Wednesday, July 7, 2010

An Immortyl Revolution with Author Denise Verrico

Say hello to a fabulously interesting guest today on the VBT, Denise Verrico, auteur extraordinaire on the topic of ... yes, they’re here again ... vampires! But not just ordinary vampires. Denise has created the kind of spine-tingling mythology in her Immortyl Revolution series that makes a reader want to embrace her dark and enticing world of the undead.

Denise is an East Coast native. She has loved vampire stories since she was a little girl and a fan of the Dark Shadows television series. She is an avid reader and fan of sci fi and fantasy of all genres. Denise also enjoys anime, manga and graphic novels. She is a big movie buff. Her favorite TV series of all time are Buffy the Vampire Slayer and Firefly. Her favorite rock group is Queen, but she also loves The Beatles, The Who, and David Bowie. Her background is in the theatre and she was a member of the Oberon Theatre ensemble in NYC for seven seasons, with whom she acted, directed, wrote plays and designed, She attended Point Park College in PGH PA. She currently resides in Ohio with her husband, teenaged son and flock of seven parrots.

Cara Mia, Book One of the Immortyl Revolution

Vampires Mia and Kurt become involved in a deadly mission to harness the power of immortality. Mia Disantini is a vampire whose greatest desire is to walk in the sun again. She is enslaved by her charismatic master, Ethan, and plunged into an ancient, unenlightened Immortyl culture. As Mia struggles for the freedom to live as she chooses, she is trained as Ethan's Bird of Prey. Soon she becomes the pawn of their powerful, enigmatic elder, Brovik, in his deadly games of deception and intrigue against his rival, Gaius, concerning their forbidden science experiments. When Mia is cast out by Ethan she joins forces with Kurt, and together the lovers steal fire from the gods and deliver it to Genpath Laboratories. The company CEO Lee Brooks deceives and imprisons the pair. While held captive, Mia calls upon the aid of Dr. Joe Ansari. The couple is hunted for their crime and time is running out. Will Mia and Kurt escape with their lives and succeed in their mission before their Immortyl enemies harness the power of immortality for evil purposes?

Let’s find out more about Denise and what makes her vampires ... er ... tick (maybe not the right word!).

Fiona, I’m happy to be your guest today! I want to remind your readers that on July 15th I will be drawing for a free autographed copy of my book. Please leave a comment to be entered in the drawing. I’ll post the winner on my blog, website and Facebook page. My question to the readers is this:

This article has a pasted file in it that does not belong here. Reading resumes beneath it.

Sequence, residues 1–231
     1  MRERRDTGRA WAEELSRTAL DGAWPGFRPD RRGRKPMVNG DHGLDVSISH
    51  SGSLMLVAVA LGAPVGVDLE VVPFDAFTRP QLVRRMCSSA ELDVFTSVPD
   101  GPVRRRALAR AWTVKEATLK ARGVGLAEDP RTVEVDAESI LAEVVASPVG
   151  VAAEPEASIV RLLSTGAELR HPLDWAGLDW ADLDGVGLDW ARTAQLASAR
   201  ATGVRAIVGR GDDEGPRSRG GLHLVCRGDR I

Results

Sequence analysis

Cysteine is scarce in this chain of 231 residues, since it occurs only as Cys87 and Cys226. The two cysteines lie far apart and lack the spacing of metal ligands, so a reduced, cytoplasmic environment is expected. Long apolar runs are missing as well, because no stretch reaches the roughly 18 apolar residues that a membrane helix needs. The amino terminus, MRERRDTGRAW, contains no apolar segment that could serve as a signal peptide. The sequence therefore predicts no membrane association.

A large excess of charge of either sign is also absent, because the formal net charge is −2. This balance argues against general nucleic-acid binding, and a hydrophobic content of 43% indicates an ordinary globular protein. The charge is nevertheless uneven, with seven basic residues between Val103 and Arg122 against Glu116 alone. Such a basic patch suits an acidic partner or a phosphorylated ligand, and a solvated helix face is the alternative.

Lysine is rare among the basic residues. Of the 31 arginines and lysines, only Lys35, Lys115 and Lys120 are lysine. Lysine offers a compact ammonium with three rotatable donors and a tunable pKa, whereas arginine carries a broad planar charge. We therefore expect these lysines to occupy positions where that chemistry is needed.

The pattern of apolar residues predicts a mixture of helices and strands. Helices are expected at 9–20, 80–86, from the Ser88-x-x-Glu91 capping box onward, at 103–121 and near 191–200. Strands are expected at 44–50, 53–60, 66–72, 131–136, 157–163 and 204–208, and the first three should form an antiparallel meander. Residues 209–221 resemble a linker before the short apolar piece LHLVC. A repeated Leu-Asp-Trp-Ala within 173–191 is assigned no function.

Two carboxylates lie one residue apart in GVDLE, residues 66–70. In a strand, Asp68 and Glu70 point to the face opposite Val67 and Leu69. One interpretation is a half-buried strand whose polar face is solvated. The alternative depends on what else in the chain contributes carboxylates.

Who is your favorite literary, film or TV vampire and why?

Denise, the question you've been asked a thousand times, I guess: Why vampires? I know you've been crazy about them since a kid, but what was the initial attraction to something that should have scared you at a young age, and how has your love affair with these creatures of the night grown and deepened as you embraced more adult themes in life?
As a child, I was attracted to their power and invincibility. Vampires were like really cool superheroes to me. Also when I was a kid, most heroines were blonde and helpless, where female vampires were usually brunette and strong. I guess I identified with them. As an adult, one begins to understand the drawbacks and moral implications of having to drink blood to survive. To me they are the perfect metaphor for man’s inhumanity to man, especially for those people who hurt children.

What influential writers/movies cemented this passion?
The television show Dark Shadows was the first time that I ever saw a vampire represented in a sympathetic way. Actor, Jonathan Frid played the vampire, Barnabas Collins. He portrayed Barnabas as sophisticated and debonair. He could also be scary. Although I wouldn’t have put it this way as a child, his air of regret over his condition touched me. Of course I read Bram Stoker’s Dracula and saw a lot of vampire movies as a kid. These were the horror variety. I loved monster movies of all kinds. In my twenties, I discovered Anne Rice and loved her Interview with the Vampire. Some people find Louis whiny, but I find him a decent man who is thrust into a nightmare. He’s trying to make sense of his circumstances and retain his humanity. That’s admirable. Lestat, on the other hand, embraces his vampirism and doesn’t spend a lot of time looking back. He’s more fun. I like both of these takes on the condition. I also enjoyed the book I Am Legend by Richard Matheson, which is a sci fi look at vampires. In this story vampires outnumber humans and only one man is left to battle them. The twist is that the hero is actually seen as the monster. Buffy the Vampire Slayer is my favorite paranormal show of all time. I like how Joss Whedon strikes the perfect balance of humor, horror, romance and drama. My current favorite is Being Human on the BBC.

What appeals to you most about sci fi? Favorite writers or themes?
I love how science fiction and fantasy build new worlds. Science fiction and fantasy take on big questions, setting them outside of the mundane world and putting them into a place where people can look at them more objectively. An author can also take a remote scientific possibility and run with it, long before theory becomes reality. In sci fi, you can clone dinosaurs or engineer androids that want to be real live boys. Maybe one can capture the secrets of immortality from vampires.

Ursula K. Le Guin is my favorite author in science fiction. Her stories are strong on character, and I love the detailed societies and subcultures she creates. In The Left Hand of Darkness she explores an alien race that is neither male nor female. I always find discussions of gender interesting and deal with the idea in my books. In some of her work she deals with slavery, another subject that fascinates me. I love Dune by Frank Herbert because of all of the multi-layered worlds with all the various subcultures and religions. Time travel stories are fun. I watch a lot of Doctor Who these days. I’m into good space opera. Star Trek and Firefly are two of my all time favorite sci fi series. I haven’t read any Steampunk yet. It looks interesting.

Is Cara Mia your first book or have you written any short stories etc?